Evangelical Christians oppose lower taxes for wealthy Americans

It should come as no surprise that Jim Wallis, social activist and self-described Christian Evangelical preacher, is not very happy with Obama’s surrender on the issue of keeping  low tax rates for America’s wealthiest citizens.  What many people probably don’t realize is that Wallis is not the only Evangelical that disagrees with the socio-economic agenda of the Religious Right, who have long been supporters of trickle down economics. In today’s Huffington Post he attacks the upside down socialism that has been saddling America for the past 25 years while pointing out the fallacy behind the Republican’s strongest argument for extending the lower rates:

…most of the people who will be keeping their tax cuts are not job creators. After all, how many jobs will the Goldman Sachs traders create, or the hedge fund gamblers, or the celebrities who dominate our lives? Almost none. On the contrary, they have been the “job destroyers,” having wrecked this economy and the lives of so many people.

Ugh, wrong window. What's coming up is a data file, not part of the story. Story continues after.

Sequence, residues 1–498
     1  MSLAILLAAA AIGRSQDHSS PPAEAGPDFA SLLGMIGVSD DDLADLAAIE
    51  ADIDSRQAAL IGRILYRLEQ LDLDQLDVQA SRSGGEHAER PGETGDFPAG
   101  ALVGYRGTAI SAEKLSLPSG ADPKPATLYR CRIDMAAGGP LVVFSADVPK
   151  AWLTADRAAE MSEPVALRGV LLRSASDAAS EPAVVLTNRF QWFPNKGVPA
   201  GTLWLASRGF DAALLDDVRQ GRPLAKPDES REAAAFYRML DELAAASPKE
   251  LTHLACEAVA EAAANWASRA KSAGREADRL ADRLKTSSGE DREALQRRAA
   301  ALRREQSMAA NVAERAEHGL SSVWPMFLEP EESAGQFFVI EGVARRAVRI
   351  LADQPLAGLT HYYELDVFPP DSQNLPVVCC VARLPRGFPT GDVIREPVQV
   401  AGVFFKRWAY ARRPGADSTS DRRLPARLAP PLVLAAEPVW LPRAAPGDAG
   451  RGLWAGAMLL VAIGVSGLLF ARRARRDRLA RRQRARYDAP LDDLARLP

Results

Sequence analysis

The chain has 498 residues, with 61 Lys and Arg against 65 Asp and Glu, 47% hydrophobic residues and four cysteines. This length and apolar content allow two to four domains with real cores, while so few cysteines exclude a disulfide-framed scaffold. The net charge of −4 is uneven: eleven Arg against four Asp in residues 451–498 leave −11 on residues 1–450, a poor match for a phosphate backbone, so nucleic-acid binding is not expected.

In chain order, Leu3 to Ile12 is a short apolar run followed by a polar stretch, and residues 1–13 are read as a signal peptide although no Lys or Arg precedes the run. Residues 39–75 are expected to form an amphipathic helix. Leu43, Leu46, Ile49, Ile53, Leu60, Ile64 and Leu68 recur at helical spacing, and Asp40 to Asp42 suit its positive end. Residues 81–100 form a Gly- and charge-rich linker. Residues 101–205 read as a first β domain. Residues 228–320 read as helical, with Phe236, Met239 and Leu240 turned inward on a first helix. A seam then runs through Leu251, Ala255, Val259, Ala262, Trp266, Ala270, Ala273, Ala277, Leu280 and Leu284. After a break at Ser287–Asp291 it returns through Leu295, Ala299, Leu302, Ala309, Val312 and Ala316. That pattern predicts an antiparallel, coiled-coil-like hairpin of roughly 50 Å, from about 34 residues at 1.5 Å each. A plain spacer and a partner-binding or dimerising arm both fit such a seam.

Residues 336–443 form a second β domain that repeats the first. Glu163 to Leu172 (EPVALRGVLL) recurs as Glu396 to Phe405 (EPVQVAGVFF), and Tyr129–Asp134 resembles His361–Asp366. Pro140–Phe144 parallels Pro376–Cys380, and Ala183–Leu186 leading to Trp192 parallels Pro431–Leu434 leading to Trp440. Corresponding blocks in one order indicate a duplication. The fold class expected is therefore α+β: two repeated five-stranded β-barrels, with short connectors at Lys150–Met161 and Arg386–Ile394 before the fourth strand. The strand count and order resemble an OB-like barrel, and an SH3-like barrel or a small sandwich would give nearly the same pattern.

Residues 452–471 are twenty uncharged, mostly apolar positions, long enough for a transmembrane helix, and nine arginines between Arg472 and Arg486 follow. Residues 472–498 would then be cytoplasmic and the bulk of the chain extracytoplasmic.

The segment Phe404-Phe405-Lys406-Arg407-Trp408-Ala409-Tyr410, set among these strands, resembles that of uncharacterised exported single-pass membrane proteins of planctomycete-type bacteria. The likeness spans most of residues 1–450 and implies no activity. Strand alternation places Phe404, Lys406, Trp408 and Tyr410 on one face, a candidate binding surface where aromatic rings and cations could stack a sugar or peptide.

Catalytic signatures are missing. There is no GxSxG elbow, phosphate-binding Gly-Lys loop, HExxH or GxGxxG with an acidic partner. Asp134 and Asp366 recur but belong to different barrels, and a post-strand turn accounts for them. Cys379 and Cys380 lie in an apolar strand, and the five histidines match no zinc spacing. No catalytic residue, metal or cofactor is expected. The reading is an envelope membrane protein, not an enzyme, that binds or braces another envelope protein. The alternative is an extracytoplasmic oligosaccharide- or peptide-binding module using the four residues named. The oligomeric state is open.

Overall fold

They are already getting richer because of our taxpayer bailout, and now we’re giving them more tax breaks and estate tax bonanzas. There is socialism in America, but it’s only for the rich. Risk has been socialized for some of the very richest people in the country, and then, the “free market” pain is distributed to all the rest.

Our national economic philosophy is clearly now to reward the casino gamblers on Wall Street and to leave the majority of the country standing outside the casino with a tin cup — hoping that the gamblers are at least big tippers. More tax breaks and benefits for the very wealthiest people in America is not only bad economics and bad policy; it is fundamentally immoral. In a letter to the president signed by over 100 religious leaders, we said just that.

So far, they haven’t listened.

Wallis and many other Christians believe that, if this is the Christian Nation that the conservatives are saying it is, then it is the nation’s obligation to look out for those who are not as fortunate as the rest of us.  As some as they say in their letter to the President:

Extending the Bush tax cuts for the most fortunate while ending unemployment benefits and cutting back services for the poor does not reflect the values of faithful Americans. For that reason, we urge you to let tax cuts for the most fortunate expire as scheduled at the end of the year.

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  1. #1 by philosopoet on December 11, 2010 - 11:12 am

    …now that’s interesting…profound even – wondered when an evangelical would remember…

    But maybe it’s the media that’s gotten it wrong, that’s forgotten – there’s at least two sides to any issue…and of course there must be Evangelical Christians who believe as Jim Wallis does…

    Refreshing to learn this…Thanks!

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